(ASI) Past Thursday May 24, 2018, President Trump signed the Economic Growth, Regulatory Relief, and Consumer Protection Act (the Act) into law.

The Act was passed by the House on Tuesday by a vote of 258 to 159 and by the Senate on March 14 by a vote of 67 to 31. Although the Act does not make the sweeping changes to the Dodd-Frank Act contemplated by other proposals, it nevertheless provides welcome regulatory relief to both smaller and larger financial institutions.

After President Trump signed the Act, Director Mick Mulvaney as Consumer Financial Protection Bureau Director (CFPB) acting issued a statement applauding Congress for passing the Act and indicating that he is “pleased to see the long-overdue reforms to the regulations governing mortgage lending.”

In addition to the changes regarding mortgage lending, the Act makes a number of changes to provisions of federal laws regarding credit reporting, and loans to veterans and students. It also reduces the regulatory burdens on financial institutions as particularly financial institutions with total assets of less than $10 billion. Bank holding companies with up to $3 billion in total assets would be permitted to comply with less restrictive debt to equity limitations instead of consolidated capital requirements. This change should promote growth by smaller bank holding companies. Larger institutions should benefit from the higher asset thresholds that would apply to systemically important banks subject to enhanced prudential standards. The higher thresholds may lead to increased merger activity between and among regional and super regional banks. Although the bill already has prompted both high praise and intense criticism, the actual changes reflect a moderate approach. The changes are only significant, especially in reducing regulations on small and medium-sized banks, but do not represent a real change for the banking. The House voted 258-159 to approve a regulatory rollback that passed before to the Senate, handing a significant victory to President Trump, who has promised to “do a big number on Dodd-Frank.” The bill stops far short of unwinding the toughened regulatory regime put in place to prevent the nation’s biggest banks from engaging in risky behavior, but it represents a substantial watering down of Obama-era rules governing a large swath of the banking system.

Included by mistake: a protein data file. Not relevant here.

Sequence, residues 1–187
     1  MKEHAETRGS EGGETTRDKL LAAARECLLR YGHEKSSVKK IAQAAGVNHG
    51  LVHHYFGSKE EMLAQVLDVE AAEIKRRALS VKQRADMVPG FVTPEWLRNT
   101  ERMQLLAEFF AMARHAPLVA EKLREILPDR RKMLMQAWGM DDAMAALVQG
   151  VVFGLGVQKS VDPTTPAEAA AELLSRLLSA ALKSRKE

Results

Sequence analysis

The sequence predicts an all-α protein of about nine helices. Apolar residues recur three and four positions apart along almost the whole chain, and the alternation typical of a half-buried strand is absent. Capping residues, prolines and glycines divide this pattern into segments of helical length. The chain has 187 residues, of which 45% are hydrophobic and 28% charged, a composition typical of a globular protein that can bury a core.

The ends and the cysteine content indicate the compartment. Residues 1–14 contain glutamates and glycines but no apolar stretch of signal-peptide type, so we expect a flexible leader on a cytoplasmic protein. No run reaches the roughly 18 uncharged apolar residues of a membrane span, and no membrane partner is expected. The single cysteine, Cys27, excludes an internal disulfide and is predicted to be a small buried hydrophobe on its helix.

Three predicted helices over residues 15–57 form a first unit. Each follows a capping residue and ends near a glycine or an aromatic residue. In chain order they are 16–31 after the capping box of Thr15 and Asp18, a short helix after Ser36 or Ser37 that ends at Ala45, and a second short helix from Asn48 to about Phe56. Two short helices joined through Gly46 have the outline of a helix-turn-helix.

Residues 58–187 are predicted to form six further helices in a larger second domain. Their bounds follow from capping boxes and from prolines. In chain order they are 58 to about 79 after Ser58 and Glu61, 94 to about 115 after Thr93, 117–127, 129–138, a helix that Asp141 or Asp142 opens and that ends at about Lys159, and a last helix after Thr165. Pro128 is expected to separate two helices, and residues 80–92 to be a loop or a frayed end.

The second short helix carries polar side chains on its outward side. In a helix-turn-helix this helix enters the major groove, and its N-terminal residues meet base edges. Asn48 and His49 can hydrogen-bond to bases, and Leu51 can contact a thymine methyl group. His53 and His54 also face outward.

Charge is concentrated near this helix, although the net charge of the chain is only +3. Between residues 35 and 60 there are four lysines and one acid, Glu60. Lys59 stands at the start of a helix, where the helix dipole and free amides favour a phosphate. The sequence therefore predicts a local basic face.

The legislation will leave fewer than 10 big banks in the United States subject to stricter federal oversight, freeing thousands of banks with less than $250 billion in assets from a post-crisis crackdown that they have long complained is too onerous. Nearly eight years after its original passage, Congress agreed to relax key elements of Dodd-Frank, the financial regulatory legislation crafted in the wake of the global financial crisis. Some Democratics were opposed, as unnecessary, while Republicans argued the bill will provide growth and necessary relief for smaller institutions. “It’s a bad bill under the guise of helping community banks,” Representative Nancy Pelosi of California, the Democratic minority leader, said during debate on the House floor on Tuesday. “The bill would take us back to the days when unchecked recklessness on Wall Street ignited an historic financial meltdown.”